Treating contaminated water
The problem of natural contamination of groundwater with highly toxic poisons like arsenic and fluoride is here to stay. The million-dollar question is: Is there a way out for this global problem?
Most of the techniques used by developed nations remove arsenic and fluoride from drinking water at the treatment plant. Developing countries, including India, do not have proper treatment plants even at the urban centres. Villages hardly figure in this incomplete picture. Thus the real task of tacking contamination is at the village level. Once the toxicity has been identified in a particular tube well in a village, cheap, cost-effective, methods are needed at the household level to remove the toxins from water before ingestion.
Rapid analytical methods are needed to identify the polluted sources of water. K N Mathur, senior deputy director general, Geological Survey of India, recommends the use of portable Water Analyses Kit and portable Ion Analyzer Kit to respectively detect the injurious presence of fluoride and arsenic. These equipments are cost-effective, he says.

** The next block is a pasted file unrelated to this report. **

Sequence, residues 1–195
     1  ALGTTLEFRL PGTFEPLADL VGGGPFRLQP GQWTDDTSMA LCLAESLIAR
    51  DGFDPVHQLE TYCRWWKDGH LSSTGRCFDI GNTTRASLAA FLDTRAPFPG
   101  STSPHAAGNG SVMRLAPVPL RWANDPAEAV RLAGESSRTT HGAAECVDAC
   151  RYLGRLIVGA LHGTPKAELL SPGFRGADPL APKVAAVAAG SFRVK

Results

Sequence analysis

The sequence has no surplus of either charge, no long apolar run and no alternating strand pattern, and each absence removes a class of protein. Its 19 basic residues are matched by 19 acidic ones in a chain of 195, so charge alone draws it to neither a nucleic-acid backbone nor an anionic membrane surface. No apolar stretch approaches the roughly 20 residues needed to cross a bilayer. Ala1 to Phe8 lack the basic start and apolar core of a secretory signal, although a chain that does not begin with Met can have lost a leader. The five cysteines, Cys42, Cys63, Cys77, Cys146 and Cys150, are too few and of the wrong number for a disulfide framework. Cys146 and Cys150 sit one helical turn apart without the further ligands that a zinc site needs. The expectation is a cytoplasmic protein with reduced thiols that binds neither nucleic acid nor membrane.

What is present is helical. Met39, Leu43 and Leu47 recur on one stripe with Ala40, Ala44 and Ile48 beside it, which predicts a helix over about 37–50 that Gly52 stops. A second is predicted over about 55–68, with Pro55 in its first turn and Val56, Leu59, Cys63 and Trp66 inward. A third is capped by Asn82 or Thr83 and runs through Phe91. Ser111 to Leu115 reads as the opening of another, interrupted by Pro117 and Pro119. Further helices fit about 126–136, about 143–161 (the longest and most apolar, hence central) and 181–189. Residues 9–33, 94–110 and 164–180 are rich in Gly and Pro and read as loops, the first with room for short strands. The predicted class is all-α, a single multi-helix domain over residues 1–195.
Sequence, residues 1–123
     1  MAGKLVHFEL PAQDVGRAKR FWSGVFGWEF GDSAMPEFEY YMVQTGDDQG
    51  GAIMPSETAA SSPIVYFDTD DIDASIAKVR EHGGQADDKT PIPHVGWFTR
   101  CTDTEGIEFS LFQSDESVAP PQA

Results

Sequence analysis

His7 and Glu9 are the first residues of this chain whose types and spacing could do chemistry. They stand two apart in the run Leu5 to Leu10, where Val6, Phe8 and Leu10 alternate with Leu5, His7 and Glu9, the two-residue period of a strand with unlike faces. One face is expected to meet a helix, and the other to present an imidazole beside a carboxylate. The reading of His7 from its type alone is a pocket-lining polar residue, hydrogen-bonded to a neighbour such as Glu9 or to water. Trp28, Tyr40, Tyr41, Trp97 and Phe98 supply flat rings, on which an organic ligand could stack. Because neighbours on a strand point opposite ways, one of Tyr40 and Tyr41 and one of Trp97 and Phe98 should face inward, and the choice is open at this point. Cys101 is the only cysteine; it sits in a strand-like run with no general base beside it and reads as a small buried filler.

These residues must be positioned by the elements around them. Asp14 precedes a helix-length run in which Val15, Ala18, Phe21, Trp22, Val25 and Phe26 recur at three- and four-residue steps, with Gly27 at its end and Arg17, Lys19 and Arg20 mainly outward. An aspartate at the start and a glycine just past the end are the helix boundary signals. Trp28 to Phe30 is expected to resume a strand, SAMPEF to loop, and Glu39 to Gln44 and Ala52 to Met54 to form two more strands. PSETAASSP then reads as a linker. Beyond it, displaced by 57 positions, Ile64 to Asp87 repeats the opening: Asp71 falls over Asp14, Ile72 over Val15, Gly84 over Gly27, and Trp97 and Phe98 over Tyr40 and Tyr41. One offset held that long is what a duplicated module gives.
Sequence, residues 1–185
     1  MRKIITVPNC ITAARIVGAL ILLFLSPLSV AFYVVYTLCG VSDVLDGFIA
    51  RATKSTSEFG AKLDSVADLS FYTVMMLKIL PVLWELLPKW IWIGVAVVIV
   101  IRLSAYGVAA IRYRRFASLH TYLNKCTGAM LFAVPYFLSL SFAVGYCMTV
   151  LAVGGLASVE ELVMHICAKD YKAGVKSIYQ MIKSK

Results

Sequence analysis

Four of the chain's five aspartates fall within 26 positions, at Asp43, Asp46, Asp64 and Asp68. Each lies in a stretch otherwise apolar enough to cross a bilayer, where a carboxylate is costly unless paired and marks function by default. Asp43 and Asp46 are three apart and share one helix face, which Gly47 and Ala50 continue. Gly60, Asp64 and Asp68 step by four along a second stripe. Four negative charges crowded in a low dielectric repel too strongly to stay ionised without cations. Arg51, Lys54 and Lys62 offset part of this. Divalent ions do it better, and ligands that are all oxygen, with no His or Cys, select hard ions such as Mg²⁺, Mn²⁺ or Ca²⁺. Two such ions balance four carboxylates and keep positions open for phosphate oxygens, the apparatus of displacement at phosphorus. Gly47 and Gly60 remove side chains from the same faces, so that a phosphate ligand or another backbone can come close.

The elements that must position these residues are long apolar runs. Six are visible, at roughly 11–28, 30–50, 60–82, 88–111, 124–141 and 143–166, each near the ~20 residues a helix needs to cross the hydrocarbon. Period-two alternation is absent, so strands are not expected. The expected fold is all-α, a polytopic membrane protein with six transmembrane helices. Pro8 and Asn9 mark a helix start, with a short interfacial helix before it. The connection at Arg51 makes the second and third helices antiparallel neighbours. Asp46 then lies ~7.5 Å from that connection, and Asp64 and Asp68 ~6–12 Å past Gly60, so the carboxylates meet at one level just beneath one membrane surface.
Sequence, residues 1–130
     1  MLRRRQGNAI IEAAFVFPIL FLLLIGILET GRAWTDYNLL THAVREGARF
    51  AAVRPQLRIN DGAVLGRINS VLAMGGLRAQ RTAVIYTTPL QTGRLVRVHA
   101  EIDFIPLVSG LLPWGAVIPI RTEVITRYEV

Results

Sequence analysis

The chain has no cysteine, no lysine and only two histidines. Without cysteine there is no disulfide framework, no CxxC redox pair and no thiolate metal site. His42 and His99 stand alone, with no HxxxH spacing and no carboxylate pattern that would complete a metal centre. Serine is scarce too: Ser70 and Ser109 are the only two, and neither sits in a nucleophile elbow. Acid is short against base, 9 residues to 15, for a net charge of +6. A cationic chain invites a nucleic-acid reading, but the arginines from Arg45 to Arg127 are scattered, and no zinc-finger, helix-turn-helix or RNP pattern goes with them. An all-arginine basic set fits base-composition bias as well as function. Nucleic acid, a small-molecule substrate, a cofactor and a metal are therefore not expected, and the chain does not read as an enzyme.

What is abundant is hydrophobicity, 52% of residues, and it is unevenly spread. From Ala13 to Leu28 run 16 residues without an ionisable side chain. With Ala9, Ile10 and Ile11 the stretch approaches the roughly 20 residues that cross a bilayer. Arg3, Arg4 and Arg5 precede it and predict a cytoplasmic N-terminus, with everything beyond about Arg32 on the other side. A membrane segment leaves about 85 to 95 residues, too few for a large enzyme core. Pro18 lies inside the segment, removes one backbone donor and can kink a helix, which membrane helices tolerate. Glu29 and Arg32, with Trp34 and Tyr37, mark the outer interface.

In an endeavour to provide arsenic-free water to affected people in Bangladesh and Nepal, innovative ideas mooted by local residents have been tested and are being used. The
- Order of the National Green Tribunal regarding solid waste management in Sikkim, 07/12/2023
- Order of the National Green Tribunal regarding Pariki Cherueu lake pollution, Hyderabad, Telangana, 26/09/2023
- Joint committee report on river Kshipra and the status of river in Dewas, Ujjain, Indore and Ratlam district, Madhya Pradesh, 21/08/2023
- Order of the National Green Tribunal regarding pollution of river Ganga through Jhiriya nala, Sant Ravi Dass Nagar district, Uttar Pradesh, July 24, 2023
- Joint committee report on land pollution in village Nangla Bujurg and pollution of Begrajpur drain, Muzaffarnagar, Uttar Pradesh, 13/02/2023
- Order of the National Green Tribunal regarding remedial measures adopted by Hindustan Zinc Ltd., Udaipur, 14/11/2022